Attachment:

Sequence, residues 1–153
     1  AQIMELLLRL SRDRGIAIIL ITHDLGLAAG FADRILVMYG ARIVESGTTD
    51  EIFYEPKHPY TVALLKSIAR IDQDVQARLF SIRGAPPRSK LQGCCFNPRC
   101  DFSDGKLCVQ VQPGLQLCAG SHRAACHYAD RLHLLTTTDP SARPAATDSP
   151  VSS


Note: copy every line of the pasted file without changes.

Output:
Sequence, residues 1–153
     1  AQIMELLLRL SRDRGIAIIL ITHDLGLAAG FADRILVMYG ARIVESGTTD
    51  EIFYEPKHPY TVALLKSIAR IDQDVQARLF SIRGAPPRSK LQGCCFNPRC
   101  DFSDGKLCVQ VQPGLQLCAG SHRAACHYAD RLHLLTTTDP SARPAATDSP
   151  VSS